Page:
Refugees and their advocates in Malawi have expressed alarm at President Lazarus Chakwera's defense of a plan to force about 2,000 people back into a refugee camp. A court injunction has prevented their immediate relocation, but authorities have appealed the order.
Speaking with CNN on Thursday, Chakwera said the government was enforcing the law by moving to relocate refugees staying outside their designated camp.
Malawi’s encampment policy prohibits refugees from staying outside their camp. It also requires the refugees to work within the camp premises.
Under the relocation order issued in early April, the government said by staying outside the camp, the refugees threatened national security.
Chrispine Sibade, a human rights lawyer based in Malawi’s capital, Lilongwe. said forcing refugees into camps was a violation of their rights.
Sibande said the Malawi Constitution gives everyone certain economic rights, regardless of their place of origin.
“Therefore, we expect the government to protect the rights of refugees and also consider international practice whereby any decision pertaining to their fundamental rights will be protected and promoted,” Sibande said.
However, Malawi’s government said it was not backing down in its move to relocate the refugees. Minister of Homeland Security Richard Chimwendo Banda told VOA on Friday that the government was working to vacate the injunction the refugees obtained last month against relocation.
The spokesperson for the U.N. High Commissioner for Refugees (UNHCR) in Malawi, Rumbani Msiska, said in an email response Friday that the move to relocate the refugees was concerning.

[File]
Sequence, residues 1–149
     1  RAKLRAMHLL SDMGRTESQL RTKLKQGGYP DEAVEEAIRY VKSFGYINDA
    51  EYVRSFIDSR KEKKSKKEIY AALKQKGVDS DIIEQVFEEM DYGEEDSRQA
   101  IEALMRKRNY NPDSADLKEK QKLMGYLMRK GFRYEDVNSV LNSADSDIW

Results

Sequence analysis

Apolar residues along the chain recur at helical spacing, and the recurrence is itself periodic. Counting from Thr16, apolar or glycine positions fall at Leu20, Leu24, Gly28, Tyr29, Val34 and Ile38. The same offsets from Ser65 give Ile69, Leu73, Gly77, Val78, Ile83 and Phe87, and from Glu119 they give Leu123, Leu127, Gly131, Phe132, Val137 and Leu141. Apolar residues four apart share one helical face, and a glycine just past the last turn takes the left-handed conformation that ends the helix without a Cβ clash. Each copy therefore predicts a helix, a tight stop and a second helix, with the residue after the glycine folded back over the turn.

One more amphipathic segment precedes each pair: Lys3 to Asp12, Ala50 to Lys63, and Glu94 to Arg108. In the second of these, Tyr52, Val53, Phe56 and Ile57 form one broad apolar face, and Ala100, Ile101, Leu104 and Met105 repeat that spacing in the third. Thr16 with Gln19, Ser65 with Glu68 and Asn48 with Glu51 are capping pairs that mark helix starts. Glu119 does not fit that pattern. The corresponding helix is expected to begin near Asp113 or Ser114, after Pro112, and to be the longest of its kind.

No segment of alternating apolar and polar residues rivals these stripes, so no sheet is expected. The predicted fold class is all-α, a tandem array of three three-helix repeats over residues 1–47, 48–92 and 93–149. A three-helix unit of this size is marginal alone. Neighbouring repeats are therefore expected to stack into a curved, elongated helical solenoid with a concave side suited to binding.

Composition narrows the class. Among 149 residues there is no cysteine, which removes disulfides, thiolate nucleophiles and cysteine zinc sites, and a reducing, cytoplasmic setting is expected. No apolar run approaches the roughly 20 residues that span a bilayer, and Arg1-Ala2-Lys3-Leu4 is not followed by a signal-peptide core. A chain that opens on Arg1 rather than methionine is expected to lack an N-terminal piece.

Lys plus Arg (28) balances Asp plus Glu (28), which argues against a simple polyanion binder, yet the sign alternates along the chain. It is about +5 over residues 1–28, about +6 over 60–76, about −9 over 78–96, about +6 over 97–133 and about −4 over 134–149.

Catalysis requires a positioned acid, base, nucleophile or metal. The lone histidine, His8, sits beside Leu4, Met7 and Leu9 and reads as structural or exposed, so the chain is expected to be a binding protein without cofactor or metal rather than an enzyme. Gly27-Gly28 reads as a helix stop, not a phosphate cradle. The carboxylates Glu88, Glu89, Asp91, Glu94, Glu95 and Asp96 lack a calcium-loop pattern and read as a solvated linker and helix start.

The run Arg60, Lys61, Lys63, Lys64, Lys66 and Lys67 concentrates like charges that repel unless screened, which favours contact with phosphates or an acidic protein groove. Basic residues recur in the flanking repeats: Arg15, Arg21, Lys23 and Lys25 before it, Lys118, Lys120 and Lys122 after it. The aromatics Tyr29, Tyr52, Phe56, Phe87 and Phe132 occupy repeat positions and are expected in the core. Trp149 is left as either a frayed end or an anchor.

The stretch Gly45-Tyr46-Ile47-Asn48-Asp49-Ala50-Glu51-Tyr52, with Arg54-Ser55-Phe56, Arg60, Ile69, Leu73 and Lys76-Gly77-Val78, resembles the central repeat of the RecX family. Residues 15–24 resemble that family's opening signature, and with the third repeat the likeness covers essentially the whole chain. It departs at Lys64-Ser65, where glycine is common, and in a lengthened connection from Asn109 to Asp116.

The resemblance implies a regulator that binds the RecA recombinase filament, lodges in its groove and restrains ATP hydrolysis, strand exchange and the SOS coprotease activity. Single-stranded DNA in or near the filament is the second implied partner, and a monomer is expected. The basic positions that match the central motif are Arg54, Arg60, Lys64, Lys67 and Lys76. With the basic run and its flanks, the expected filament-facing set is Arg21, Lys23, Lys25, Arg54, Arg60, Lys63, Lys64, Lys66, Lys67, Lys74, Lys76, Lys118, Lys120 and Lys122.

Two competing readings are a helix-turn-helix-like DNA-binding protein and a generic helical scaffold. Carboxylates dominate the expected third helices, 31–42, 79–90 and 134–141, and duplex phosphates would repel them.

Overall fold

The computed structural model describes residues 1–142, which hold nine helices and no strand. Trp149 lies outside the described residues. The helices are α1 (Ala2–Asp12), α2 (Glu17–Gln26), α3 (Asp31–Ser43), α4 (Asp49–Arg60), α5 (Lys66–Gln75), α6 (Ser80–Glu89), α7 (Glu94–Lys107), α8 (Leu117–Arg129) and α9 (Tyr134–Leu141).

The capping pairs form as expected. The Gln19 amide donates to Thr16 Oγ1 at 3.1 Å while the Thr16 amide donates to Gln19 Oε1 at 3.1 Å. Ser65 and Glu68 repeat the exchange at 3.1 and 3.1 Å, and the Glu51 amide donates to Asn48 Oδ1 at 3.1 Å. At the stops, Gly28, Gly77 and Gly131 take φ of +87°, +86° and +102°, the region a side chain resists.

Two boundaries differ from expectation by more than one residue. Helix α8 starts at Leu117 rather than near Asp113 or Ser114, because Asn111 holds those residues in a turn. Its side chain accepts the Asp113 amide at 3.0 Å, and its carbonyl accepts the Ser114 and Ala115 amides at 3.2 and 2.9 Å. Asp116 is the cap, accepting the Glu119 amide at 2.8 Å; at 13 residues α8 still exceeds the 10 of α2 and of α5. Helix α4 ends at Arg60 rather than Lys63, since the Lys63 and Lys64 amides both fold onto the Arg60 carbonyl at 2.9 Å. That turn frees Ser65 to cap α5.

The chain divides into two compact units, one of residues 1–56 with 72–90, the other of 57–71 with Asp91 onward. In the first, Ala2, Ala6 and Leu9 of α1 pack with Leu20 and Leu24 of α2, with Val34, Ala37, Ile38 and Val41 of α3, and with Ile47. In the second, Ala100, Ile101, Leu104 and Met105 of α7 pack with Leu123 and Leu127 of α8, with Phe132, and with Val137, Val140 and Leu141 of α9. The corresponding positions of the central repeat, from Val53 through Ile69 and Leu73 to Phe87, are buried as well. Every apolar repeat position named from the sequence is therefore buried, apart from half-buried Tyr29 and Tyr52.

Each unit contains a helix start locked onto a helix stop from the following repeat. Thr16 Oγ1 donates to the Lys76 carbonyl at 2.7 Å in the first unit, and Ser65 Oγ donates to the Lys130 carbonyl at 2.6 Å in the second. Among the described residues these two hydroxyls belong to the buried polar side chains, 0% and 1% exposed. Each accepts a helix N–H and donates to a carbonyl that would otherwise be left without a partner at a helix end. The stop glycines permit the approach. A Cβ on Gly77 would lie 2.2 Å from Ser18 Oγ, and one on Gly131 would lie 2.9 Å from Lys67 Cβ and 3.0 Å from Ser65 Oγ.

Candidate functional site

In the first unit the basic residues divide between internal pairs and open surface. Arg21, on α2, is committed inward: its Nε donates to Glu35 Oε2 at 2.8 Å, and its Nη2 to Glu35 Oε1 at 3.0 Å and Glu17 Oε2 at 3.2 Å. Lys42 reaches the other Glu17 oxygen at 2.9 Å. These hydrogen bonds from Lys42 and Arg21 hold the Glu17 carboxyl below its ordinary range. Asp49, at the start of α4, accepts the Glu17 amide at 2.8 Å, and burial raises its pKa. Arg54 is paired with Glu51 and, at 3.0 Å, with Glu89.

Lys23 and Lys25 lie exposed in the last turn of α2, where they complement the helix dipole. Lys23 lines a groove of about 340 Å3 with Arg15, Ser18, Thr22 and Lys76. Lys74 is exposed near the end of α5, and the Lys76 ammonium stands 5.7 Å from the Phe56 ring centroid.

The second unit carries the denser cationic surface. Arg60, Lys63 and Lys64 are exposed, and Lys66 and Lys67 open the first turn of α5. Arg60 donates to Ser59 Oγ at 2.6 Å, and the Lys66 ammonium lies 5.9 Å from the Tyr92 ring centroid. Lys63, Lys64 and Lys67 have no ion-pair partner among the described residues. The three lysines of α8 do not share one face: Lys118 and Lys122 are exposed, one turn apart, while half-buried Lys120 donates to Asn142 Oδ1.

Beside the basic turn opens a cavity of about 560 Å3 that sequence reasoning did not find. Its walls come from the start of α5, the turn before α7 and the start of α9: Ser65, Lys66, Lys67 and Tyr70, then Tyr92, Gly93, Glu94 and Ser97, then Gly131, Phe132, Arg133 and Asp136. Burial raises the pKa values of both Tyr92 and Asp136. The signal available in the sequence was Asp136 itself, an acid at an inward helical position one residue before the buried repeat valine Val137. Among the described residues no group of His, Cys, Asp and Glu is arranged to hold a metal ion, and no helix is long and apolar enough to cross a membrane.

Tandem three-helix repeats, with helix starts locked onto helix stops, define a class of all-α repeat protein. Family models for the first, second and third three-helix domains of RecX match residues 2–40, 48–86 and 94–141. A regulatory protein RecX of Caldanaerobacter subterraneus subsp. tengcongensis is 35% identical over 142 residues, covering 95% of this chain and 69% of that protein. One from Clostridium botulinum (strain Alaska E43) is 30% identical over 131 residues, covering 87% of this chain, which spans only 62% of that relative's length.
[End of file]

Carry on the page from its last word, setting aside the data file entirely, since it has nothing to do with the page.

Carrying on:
He said that while Malawi’s government might have legal justifications for the relocation, returning them to the camp would create serious problems at the country’s only refugee camp, such as school overcrowding, and a scramble for water and even health facilities.
Dzaleka refugee camp in central Malawi is a home to over 48,000 refugees and asylum-seekers from various countries, including Burundi, Rwanda, the Democratic Republic of the Congo, Somalia and Ethiopia.
One of the group leaders at the camp, who asked not to be named, said returnees were facing a lack of accommodation.
He said, “Some are living in the tents while others are sleeping on the ground. And the problem is that we don’t know the progress of a judicial review case.”
UNHCR’s Msiska said the returnees were being provided with temporary shelters while efforts were underway to identify empty plots for the refugees to construct their own shelters.